“Fault Lines” correspondent Josh Rushing said he and his crew spent hours with Holland on his last day as he packed up boxes in his small basement office on the OU campus. Holland seemed “beleaguered,” he said, after years of dealing with the earthquake swarms with little support.
“He was giving his whole life to this, and no one appreciated it,” Rushing said.
Rushing asked Holland if it was appropriate for Hamm, founder and CEO of Continental Resources Inc., to tell him to mind his words. The meeting in Boren’s office was first reported by EnergyWire in March (EnergyWire, March 3).
“Well, there are a lot of people that were telling me I need to be careful how I say things,” Holland said.
Hamm has said he wasn’t trying to bully Holland but simply to learn what proof he had (EnergyWire, May 11).
Holland seemed more concerned about the 2014 statement, which was drafted at the suggestion of Larry Grillot, a university dean who oversaw OGS. Grillot was helping solicit the $25 million contribution from Hamm and also served on the board of Pioneer Natural Resources Co. (EnergyWire, June 23). Pioneer owns coalbed methane wells in a part of Colorado where federal scientists say oil and gas activities are causing earthquakes. He’s been paid at least $600,000 by Pioneer since 2013.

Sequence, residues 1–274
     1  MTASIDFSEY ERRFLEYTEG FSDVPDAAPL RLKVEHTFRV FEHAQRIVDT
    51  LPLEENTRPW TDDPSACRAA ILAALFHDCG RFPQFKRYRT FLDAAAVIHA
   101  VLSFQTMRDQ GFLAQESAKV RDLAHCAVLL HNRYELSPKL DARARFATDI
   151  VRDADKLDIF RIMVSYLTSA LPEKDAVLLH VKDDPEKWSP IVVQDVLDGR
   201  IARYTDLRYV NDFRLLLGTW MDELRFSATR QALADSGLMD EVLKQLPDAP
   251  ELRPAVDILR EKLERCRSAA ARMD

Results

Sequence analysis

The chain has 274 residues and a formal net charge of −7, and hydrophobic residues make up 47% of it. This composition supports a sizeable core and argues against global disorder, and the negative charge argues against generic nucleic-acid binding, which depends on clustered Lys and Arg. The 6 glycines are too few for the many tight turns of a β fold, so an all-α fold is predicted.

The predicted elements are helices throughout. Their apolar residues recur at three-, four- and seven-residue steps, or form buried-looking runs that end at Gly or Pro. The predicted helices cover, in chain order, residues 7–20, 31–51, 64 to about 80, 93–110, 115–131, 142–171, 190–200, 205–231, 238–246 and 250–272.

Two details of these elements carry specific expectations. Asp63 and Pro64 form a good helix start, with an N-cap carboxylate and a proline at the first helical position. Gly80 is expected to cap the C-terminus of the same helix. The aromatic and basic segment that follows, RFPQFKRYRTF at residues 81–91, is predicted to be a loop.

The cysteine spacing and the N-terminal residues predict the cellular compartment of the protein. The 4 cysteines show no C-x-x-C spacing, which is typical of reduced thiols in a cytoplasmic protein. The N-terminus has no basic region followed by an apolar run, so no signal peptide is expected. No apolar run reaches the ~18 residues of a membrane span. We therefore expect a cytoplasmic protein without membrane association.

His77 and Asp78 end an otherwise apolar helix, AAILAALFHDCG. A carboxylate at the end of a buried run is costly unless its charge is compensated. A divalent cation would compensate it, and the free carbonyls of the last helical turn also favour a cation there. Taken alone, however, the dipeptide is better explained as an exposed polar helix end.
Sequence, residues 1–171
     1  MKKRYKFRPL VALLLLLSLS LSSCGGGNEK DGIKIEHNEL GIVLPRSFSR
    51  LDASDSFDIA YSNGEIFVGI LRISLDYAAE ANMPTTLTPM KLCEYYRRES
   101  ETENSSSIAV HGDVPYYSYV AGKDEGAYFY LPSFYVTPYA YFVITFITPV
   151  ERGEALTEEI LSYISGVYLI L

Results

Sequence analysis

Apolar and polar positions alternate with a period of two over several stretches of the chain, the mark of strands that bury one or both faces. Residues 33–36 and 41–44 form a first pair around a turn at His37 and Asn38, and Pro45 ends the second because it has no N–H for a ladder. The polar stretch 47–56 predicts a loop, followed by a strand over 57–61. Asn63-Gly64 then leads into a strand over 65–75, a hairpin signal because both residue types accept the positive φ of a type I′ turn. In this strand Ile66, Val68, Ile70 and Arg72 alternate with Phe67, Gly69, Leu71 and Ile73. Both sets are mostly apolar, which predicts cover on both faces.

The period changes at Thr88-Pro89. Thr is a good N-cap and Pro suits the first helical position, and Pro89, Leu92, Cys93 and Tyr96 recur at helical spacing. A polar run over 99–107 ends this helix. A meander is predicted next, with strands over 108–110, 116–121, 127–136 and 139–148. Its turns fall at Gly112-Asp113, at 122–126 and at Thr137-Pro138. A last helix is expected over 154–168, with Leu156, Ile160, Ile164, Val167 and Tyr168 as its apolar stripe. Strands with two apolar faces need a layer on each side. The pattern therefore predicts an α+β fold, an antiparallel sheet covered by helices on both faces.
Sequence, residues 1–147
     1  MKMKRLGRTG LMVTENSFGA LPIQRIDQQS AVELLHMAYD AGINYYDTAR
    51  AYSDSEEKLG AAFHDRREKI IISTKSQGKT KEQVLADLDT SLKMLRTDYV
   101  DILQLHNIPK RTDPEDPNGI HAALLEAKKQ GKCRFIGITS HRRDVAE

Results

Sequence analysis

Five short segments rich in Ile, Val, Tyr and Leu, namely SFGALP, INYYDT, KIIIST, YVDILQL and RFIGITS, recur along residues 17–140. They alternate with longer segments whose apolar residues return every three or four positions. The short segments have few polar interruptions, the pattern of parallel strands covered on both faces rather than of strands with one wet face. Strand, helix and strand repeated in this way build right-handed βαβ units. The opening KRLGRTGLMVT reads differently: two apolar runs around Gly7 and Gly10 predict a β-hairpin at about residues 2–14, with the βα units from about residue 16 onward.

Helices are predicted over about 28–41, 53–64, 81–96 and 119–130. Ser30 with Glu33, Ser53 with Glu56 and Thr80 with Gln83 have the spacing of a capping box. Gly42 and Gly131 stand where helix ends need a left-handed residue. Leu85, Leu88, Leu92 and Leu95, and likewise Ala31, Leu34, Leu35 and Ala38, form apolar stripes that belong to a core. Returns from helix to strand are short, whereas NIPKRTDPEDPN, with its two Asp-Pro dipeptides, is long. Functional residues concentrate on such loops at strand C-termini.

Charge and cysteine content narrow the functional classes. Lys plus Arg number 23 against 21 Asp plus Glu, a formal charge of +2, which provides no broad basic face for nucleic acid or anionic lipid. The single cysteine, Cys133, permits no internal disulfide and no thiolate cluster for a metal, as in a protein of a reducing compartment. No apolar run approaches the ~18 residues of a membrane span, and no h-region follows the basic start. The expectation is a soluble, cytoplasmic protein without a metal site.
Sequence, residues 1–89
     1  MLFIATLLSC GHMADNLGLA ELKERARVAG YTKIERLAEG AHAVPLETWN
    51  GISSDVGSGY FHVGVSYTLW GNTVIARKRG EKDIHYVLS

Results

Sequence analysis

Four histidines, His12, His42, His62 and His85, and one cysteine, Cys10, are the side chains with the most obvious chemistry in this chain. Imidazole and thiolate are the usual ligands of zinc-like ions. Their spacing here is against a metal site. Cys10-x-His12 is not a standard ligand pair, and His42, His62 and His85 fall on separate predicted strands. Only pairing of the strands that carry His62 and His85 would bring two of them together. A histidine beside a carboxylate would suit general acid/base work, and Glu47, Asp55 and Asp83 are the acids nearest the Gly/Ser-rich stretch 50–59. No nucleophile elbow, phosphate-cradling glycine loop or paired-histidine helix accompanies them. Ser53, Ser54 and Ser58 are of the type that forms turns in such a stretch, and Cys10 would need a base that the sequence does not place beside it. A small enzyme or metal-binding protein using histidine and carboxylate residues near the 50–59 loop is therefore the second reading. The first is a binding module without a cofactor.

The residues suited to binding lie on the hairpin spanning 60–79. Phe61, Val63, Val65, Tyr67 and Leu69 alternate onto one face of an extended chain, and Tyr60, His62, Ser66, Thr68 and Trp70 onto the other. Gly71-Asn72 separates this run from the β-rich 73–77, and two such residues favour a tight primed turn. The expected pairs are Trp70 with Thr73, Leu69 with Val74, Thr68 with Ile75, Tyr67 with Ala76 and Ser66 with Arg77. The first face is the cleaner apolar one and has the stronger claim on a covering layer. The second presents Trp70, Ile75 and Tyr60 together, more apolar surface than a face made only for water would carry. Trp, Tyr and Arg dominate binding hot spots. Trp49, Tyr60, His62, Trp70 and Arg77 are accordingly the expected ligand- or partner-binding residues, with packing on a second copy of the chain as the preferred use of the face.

“The dean of the college that directly oversees the OGS being a board member on an energy company,” Holland said. “I see that as probably a clear conflict of interest.”
Rushing reached Grillot by phone, and he declined to comment.
Scientists say the unprecedented swarms of man-made quakes in the state since 2009 can be attributed to favorably aligned faults and production methods that create uniquely large volumes of wastewater. This year, Oklahoma has had more than 800 quakes of magnitude 3 or greater, a substantial increase over the 585 in 2014.
Oklahoma officials say producers from CBS’s “60 Minutes” newsmagazine have also been preparing a story on the state’s earthquake situation.
Rushing tracked down Gov. Mary Fallin (R), who told him the state waited to acknowledge the cause of the quake swarms. “We wanted to wait and have scientific information based on facts,” she said, “not just on hearsay.” Documents obtained by EnergyWire show Fallin and her staff moved slowly on the earthquake issue even as the state was rattled more and more frequently (EnergyWire, July 8).